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Passing the Torch


With the recent news that all-time great quarterback Peyton Manning is planning on announcing his retirement this week, the NFL is well on its way into a transition from the greatest set of passers the game has ever seen to a set of young quarterbacks simply trying to live up to their predecessors.

We have seen how each generation of quarterbacks has left a lasting legacy on the game. Terry Bradshaw and Roger Staubach dominated the 70’s, the quarterback class of 83 was legendary, and the current group of veteran signal callers, Drew Brees, Tom Brady, and Peyton Manning, will go down as arguably the most prolific group of passers the game has ever seen. But the time may be upon us that the torch passes from the older hands of these three future Hall of Fame quarterbacks to younger ones that are starting to make a name for themselves and hope to one day be mentioned in the same breath as those who came before them.

Peyton Manning is arguably the greatest quarterback to ever play the game, but his time in the NFL looks to be at a close after he won Super Bowl 50 in a John Elway-esque kind of goodbye to the game. His numbers will be hard to reach for any quarterback, as he holds nearly every passing record in the book.

Tom Brady, who signed a 3-year extension through 2019, looks to have a few more years on the gridiron, and is still playing at a Hall of Fame level despite being 38 years old and having a wide receiver corps that has a combined ZERO Pro Bowl appearances.

Meanwhile Drew Brees is a 1st ballot Hall of Fame passer who has been the heart and soul of a franchise that needed hope. And Brees delivered hope to New Orleans in the form of the Vince Lombardi trophy with his incredible passing numbers.

And while all 4 of these quarterbacks share the qualities and achievements of future Canton, Ohio inductees, a quality they also share is advanced age. Together the 3 average 38 years old while it looks like none of the trio will see the playing field in the 2020’s. And while that might sadden the football fans out there, it is not as though their impending retirements will leave a massive void in the quarterback rich NFL.

Young guys like Cam Newton (26), Russell Wilson (27), Derrick Carr (24), and Andrew Luck (26) are more than ready to pick up where the last group left off. These 4 young players all under the age of 28 have already shown to be absolute studs with 10 Pro Bowl selections between them in their still-early careers. And with Newton’s MVP year and leading the Panthers to a 15 win regular season and Super Bowl berth, it could be said that the reigns have already been handed over to the younger generation of signal callers.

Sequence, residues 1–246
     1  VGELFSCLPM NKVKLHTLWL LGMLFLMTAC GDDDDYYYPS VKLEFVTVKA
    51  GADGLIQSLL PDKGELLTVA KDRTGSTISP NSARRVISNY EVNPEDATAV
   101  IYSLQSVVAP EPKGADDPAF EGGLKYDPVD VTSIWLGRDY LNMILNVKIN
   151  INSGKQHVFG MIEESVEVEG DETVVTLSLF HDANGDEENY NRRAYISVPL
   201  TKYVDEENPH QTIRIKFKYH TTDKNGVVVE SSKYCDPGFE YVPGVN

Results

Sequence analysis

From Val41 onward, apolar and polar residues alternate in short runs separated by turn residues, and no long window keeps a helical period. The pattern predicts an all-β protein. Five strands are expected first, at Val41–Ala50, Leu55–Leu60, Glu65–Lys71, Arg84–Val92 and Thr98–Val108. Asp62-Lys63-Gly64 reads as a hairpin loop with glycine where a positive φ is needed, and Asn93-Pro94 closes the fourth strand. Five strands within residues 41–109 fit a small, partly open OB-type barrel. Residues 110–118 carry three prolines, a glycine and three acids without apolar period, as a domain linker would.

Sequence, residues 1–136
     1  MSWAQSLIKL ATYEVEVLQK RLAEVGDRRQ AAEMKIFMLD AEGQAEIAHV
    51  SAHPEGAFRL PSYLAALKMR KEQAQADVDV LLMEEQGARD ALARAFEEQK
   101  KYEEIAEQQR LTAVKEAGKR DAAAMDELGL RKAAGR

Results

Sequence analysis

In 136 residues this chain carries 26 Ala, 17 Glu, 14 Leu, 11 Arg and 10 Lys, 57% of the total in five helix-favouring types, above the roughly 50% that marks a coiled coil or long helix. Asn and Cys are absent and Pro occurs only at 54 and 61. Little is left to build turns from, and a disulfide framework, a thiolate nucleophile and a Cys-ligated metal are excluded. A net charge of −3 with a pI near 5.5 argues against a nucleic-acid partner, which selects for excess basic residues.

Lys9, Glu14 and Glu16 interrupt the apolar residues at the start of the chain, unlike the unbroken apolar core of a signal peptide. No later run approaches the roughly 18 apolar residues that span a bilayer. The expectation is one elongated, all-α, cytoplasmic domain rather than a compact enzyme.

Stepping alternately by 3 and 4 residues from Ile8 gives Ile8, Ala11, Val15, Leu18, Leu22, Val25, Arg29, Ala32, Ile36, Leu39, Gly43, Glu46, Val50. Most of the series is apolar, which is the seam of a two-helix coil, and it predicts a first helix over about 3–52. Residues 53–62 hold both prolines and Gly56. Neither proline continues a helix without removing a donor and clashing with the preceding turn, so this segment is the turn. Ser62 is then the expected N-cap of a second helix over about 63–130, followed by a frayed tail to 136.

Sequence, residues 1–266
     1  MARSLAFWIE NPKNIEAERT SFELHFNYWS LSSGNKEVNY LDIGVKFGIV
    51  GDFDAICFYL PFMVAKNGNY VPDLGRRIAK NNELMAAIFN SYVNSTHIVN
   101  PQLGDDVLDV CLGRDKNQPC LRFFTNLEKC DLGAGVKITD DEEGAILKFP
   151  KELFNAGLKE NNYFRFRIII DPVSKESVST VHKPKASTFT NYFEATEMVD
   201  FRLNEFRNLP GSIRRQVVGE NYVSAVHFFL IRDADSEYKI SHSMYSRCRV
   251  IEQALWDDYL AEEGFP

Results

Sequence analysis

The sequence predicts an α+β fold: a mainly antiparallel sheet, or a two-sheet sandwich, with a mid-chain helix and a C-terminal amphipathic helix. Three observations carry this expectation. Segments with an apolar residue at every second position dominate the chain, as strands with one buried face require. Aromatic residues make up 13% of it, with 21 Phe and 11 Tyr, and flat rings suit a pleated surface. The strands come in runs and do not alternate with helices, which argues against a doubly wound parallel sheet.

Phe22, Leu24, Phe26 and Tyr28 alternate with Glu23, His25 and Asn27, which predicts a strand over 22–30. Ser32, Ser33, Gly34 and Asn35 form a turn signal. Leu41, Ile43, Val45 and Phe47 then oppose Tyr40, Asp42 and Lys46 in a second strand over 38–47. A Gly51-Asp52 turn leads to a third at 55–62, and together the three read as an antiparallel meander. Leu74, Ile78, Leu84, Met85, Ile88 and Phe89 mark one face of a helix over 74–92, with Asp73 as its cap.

pass3Derek Carr surpassed a great group of division quarterbacks like Phillip Rivers, Alex Smith, and even Peyton Manning, to be the best quarterback I the AFC West. Meanwhile Russell Wilson put up an MVP-worthy season this year coming off back-to-back NFC championships. And Andrew Luck despite missing this year due to injury, he has made a case for being one of the elite passers in the game today.

Now this is not to say that the older quarterbacks are simply over the hill and not worthy of their starting spots, but the writing may be on the wall for some of the more veteran players. Philip Rivers, who deserves to be in the conversation for Hall of Fame status, is on a team who is nowhere near competitive and with the retiring of Malcom Floyd and the old age of Antonio Gates has very little in the way of weapons. Carson Palmer is 36 years old and only signed through 2017, plus he has already has had a brutal knee injury and a retired, so he may just repeat that if another injury occurs. Drew Brees is still putting up video game numbers in Sean Payton’s offense, but is in a quickly improving division and gets absolutely no help from the worst defense in NFL history. Tom Brady, while on a competitive team, is a behind an O-line that struggles to protect a quarterback that is 38 and escapes the pocket like he is 68. That leaves Peyton Manning, who is rumored to be announcing his retirement later this week.

Still, we have seen this before. A mass exodus of All Star quarterbacks being replaced in the league by up and coming superstars that would take the world by storm. Jim Kelly (96), John Elway (98), Dan Marino (99), Steve Young (99), and Troy Aikman (00) all hung it up within 4 years of each other. But that just left opportunity for those shoes to be filled by the talent that was just getting into the league as Manning (98), Brady (00), and Brees (01) would be taking the torch from that generation. And it is a torch that now they pass on to another set of young studs.

So while we do mourn the seemingly inevitable departure of NFL legends, we know that it is less a loss of football greatness and more a changing of the guard at football’s most important position.

2 thoughts on “Passing the Torch

  1. I think Blake Bortles is someone to watch out for, they have quite the young nucleus, i would say he is going to be better than Carr. Time will tell.

  2. Definitely have the chance to be something good in the next few years, but that is only if they can draft well this offseason and keep their coach. A lot of franchises are too “win-now” oriented and them being able to keep Bradley would go a long way in their ability to possibly win a very winnable division.

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